my eyesight is failing

and tears blur things.

I take time out

to cry,

to mourn the slow passing

of my birthright fabric.

and tomorrow

I’ll try again

with a




piece of silk

that I dyed a long time ago.

and silk thread

that dosen’t match

but is strong and

might do the trick.


We sat down with Laurene to discuss the influences and inspirations behind her writing.

Laurene, when did you start writing? What prompted you to start writing?

As an adult, I probably started when a friend got me involved in a small writing group

in Bendigo. I have been writing on and off ever since. I can’t really remember

not writing. I keep 3 journals, all of which I write in most days. A couple of years ago

I started writing again when I joined a U3A writing class and last year one of my sons

convinced me to take part in NaNoWriMo – which I completed in a very incomplete

way, but the bones are there to work on later. It was great to see that I could

actually write that much in the space of a month.

Have you had any training in this field?

Not really, just essays at school and uni, reports written for various jobs I’ve had

and literature as a study at university.

Who are your writing idols? Is there a composer who inspires you?

I read lots of things and favourites change over and over. Books I will never get rid of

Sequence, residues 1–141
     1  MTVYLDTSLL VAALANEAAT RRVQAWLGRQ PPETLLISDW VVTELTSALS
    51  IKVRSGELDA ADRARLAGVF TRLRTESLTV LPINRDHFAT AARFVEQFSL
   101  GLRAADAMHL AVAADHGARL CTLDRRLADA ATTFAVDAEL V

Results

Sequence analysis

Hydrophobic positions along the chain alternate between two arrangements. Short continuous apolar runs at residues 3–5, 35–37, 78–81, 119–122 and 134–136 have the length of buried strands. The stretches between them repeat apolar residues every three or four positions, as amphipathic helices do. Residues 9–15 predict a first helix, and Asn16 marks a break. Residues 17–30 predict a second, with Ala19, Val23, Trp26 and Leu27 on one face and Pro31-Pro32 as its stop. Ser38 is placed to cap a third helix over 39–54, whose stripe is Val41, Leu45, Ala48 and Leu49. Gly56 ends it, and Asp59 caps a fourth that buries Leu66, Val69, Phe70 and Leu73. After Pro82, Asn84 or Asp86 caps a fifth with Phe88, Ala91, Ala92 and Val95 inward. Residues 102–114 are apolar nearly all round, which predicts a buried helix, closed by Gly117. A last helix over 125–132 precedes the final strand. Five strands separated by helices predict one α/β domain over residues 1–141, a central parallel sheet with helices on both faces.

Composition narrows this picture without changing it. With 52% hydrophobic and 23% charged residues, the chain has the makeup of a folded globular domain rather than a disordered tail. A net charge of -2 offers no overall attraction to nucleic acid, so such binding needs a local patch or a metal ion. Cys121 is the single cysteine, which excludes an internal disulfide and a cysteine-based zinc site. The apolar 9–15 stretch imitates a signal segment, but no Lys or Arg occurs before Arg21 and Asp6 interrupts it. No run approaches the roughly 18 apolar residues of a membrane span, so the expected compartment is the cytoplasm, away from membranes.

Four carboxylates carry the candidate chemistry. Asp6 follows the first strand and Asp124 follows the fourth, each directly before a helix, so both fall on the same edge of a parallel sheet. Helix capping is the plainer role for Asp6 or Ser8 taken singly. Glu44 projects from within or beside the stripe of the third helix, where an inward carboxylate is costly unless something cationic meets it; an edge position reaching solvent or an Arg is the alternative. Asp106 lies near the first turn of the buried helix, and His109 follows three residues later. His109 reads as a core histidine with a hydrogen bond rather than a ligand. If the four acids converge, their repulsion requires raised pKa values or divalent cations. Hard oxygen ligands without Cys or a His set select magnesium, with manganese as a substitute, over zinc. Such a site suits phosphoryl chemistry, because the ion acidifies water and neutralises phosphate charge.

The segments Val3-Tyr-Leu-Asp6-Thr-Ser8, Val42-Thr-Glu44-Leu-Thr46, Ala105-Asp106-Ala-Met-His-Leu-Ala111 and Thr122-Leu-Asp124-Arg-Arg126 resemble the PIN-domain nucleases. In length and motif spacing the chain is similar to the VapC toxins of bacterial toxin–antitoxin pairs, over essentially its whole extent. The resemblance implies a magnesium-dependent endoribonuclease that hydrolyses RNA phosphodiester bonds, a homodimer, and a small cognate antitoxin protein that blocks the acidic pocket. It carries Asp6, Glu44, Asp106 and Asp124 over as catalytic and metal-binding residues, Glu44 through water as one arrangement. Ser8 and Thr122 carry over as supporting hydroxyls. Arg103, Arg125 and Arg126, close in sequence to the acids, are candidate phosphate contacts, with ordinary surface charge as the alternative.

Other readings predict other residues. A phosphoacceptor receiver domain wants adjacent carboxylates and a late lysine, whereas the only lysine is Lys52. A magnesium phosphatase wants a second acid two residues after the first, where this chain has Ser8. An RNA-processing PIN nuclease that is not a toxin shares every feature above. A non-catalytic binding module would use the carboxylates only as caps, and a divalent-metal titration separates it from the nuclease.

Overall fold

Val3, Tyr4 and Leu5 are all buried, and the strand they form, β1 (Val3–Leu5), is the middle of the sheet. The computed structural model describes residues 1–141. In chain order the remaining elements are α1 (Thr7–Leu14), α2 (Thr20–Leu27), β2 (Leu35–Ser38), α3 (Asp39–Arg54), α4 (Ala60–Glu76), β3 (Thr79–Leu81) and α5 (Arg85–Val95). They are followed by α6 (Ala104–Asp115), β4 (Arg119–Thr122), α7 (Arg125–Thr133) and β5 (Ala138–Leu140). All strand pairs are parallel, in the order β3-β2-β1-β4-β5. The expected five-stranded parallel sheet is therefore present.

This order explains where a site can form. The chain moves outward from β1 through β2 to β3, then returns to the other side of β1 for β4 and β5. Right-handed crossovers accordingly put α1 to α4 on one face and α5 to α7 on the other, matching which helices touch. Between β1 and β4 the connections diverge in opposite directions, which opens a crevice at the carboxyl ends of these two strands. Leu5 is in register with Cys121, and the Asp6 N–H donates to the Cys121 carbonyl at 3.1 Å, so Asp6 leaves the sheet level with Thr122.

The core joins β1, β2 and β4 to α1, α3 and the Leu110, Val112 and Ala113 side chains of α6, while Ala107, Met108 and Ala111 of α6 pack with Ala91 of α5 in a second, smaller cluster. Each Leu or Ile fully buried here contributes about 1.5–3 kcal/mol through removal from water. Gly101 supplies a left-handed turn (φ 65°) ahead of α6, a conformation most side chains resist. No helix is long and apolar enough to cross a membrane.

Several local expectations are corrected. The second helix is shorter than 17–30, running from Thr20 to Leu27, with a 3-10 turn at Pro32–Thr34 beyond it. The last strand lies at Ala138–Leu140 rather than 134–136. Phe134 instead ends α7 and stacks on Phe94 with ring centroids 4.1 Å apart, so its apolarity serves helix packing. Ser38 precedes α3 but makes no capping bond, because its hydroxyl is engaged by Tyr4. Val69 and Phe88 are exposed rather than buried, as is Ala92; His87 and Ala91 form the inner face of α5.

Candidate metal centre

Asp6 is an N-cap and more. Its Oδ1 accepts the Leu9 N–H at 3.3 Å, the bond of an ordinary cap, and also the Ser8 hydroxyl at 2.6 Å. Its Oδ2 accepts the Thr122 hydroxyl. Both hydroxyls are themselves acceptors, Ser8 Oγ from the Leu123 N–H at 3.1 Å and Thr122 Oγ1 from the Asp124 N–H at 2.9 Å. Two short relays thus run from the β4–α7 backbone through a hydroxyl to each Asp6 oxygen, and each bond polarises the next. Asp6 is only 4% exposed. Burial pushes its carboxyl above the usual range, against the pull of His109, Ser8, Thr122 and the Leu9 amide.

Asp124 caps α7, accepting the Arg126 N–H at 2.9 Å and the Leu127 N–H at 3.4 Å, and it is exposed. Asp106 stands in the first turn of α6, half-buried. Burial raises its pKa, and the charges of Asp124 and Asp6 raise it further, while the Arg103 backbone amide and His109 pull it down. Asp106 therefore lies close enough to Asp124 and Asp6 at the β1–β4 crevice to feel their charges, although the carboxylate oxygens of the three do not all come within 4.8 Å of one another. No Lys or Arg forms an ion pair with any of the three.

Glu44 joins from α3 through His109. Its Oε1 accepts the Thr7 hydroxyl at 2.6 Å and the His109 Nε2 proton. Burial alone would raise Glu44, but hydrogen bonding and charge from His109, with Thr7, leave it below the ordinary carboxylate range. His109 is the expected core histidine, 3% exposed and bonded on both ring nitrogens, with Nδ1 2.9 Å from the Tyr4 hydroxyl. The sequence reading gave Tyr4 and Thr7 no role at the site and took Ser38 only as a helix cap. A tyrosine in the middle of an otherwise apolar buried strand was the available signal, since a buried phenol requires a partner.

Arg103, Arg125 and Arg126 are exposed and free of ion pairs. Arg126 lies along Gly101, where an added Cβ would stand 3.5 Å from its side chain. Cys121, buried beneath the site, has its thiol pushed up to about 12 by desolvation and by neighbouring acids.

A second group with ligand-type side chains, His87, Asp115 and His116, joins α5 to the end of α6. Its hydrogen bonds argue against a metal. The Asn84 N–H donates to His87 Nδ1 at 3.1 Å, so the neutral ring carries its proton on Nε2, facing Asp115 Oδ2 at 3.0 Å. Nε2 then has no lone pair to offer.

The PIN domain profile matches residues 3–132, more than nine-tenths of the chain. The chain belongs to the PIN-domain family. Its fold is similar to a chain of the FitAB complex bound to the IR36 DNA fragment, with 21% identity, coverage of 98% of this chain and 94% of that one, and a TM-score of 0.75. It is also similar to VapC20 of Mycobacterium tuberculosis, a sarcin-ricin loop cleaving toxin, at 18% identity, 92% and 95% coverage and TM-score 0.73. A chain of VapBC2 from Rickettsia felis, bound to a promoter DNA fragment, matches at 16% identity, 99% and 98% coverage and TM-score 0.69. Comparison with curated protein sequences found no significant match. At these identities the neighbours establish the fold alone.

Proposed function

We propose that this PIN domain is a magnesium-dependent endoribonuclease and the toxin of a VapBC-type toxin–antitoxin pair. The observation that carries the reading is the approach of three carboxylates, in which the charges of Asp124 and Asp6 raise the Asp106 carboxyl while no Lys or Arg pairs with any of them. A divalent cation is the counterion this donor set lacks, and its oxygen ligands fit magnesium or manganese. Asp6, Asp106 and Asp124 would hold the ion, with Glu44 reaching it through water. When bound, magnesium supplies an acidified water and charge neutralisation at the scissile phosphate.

include 'Music and Freedom' by Zoe Morrison and a beautiful illustrated edition of the

'Mabinogion' translated by Lady Charlotte Guest. I am enjoying 3 particular books at

the moment – 'Food Wise: A whole systems guide to sustainable and delicious food

choices' by Gigi Berardi, 'Care: The radical art of taking time' by Brooke McAlary and 'This

One Wild and Precious Life: A hopeful path forward in a fractured world' by Sarah

Wilson. I also enjoy cookery books and my favourite ones are by Nigel Slater. My

youngest son has published several books of comics and they are also things that I

value – not just because he made them but because they are full of great humour. I

don’t have a favourite composer, but I enjoy Deborah Conway and Leonard Cohen’s

work and I listen to the ABC Jazz station, although I couldn’t tell you who I listen to

there – just that I enjoy the music.

In which forms do you usually write? Is there a particular reason you’re drawn to

these forms?

I enjoy poetry and short story writing, probably because they are short.

Are there themes or topics that you usually write about? If so, what are the

messages you’d like your reader to take from your pieces about these ideas or


I often write about things that bother me. At the moment, it’s the appallingly bad

joke that is our “mental health system”. The word “system” would be better

replaced with a word that means “chaotic, overtaxed, couldn’t give a rat’s, excuse

for a system".

How do you think being a rural woman impacts on your writing?

I have been working over the years with women on farms and other rural women’s

organisations and I think rural women have a no nonsense, get in and get the job

done attitude to things. Their perspectives and solutions to things are often more

creative and practical than many others and I think they have (as do I) a low

tolerance for lies and bullshit.


Want more Mona? You can purchase the first issue of Mona Magazine here!